On Monday, Japan’s prime minister Yoshihiko Noda presented a new and improved cabinet, tailcoats and all. Apparently, that cabinet has few friends in Japan’s auto industry.
Akio Toyoda, who took over the rotating chairmanship of the Japan Automobile Manufacturers Association last May, sent a surprisingly strongly worded address to his new leaders. Speaking on behalf of all JAMA members, Toyoda said:
“The automobile industry faces unprecedented sustained yen appreciation, a high corporate tax rate, a slowdown in trade liberalization, strict domestic labor regulations, stringent goals for reducing carbon dioxide emissions and a restricted electric power supply. The combined result is an extremely severe business environment for our sector.”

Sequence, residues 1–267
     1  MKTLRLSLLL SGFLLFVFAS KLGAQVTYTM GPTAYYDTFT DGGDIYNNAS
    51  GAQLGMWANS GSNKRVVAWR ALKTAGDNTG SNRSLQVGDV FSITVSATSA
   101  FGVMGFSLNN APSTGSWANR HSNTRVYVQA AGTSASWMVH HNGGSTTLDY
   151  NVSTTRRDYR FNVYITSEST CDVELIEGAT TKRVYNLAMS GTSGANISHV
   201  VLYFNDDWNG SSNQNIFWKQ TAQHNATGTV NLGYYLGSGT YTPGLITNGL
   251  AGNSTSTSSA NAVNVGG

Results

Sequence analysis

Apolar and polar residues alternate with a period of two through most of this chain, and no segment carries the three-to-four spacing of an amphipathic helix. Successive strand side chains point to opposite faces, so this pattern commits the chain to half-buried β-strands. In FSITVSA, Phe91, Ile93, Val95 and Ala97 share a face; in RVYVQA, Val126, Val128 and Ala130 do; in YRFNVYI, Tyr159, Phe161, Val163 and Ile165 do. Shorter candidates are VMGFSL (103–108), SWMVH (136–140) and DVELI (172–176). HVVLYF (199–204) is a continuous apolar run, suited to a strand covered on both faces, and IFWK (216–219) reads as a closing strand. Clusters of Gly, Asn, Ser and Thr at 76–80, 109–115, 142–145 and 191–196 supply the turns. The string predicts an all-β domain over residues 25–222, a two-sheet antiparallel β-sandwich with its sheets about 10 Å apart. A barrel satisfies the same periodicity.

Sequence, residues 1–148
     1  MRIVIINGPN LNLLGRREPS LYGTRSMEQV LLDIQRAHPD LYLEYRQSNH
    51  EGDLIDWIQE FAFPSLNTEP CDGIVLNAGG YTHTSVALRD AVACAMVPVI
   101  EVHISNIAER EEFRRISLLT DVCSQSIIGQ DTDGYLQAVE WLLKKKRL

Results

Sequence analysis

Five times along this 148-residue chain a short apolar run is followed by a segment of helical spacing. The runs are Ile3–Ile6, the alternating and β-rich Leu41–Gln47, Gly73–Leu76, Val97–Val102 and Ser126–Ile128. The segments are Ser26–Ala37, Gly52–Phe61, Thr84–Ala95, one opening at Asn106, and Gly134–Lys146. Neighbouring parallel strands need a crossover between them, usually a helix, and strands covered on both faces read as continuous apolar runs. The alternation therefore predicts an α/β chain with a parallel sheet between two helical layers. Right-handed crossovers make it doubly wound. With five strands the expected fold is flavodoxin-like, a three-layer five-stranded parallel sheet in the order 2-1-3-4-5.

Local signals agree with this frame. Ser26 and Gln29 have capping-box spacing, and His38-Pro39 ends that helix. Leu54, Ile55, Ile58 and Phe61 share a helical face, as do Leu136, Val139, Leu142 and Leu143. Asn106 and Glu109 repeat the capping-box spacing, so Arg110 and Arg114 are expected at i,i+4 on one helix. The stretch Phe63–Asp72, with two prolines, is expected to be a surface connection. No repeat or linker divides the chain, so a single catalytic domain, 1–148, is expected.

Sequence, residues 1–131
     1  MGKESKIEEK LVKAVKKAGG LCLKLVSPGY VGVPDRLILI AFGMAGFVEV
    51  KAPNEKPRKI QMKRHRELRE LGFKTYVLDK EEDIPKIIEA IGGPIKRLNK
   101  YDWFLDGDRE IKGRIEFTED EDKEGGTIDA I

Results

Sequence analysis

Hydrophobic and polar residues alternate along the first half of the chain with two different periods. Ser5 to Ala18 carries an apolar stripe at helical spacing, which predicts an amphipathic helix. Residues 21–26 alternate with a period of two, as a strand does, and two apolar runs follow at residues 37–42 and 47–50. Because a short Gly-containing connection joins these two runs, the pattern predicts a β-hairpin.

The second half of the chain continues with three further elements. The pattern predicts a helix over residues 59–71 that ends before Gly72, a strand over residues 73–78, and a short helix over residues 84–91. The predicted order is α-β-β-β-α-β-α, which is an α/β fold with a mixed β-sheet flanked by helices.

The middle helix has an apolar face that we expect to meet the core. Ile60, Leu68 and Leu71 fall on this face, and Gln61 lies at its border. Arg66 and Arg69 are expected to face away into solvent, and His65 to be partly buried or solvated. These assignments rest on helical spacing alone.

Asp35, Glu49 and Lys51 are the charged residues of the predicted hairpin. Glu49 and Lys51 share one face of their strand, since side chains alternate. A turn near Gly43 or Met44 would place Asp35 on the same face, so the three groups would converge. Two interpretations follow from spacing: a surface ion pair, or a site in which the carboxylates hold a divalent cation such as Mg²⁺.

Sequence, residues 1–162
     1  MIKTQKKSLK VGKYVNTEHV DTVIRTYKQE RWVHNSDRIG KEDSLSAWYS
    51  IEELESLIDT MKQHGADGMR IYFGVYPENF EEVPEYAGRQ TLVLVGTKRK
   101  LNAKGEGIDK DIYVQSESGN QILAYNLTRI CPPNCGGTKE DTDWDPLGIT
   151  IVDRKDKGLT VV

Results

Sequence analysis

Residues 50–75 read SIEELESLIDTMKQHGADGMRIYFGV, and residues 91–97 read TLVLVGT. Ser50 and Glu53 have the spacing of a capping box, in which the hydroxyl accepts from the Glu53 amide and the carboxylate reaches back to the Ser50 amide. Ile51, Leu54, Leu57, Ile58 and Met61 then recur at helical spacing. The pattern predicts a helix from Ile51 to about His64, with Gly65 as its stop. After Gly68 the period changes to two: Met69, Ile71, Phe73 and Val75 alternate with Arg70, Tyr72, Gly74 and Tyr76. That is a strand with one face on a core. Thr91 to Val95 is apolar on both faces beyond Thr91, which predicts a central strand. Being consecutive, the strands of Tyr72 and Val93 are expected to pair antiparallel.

“Anxiety has also arisen over the territorial dispute with China, the impact of which is being felt by the Japanese automobile industry and the national economy even as it threatens livelihoods, impedes cultural exchanges and fuels other disturbing trends.”
Indeed, the hamfisted handling of the dispute over a few rocks in the East China Sea probably already triggered a third disaster for Japan’s auto industry, this time in China, as if the tsunami at home and the floods in Thailand weren’t bad enough.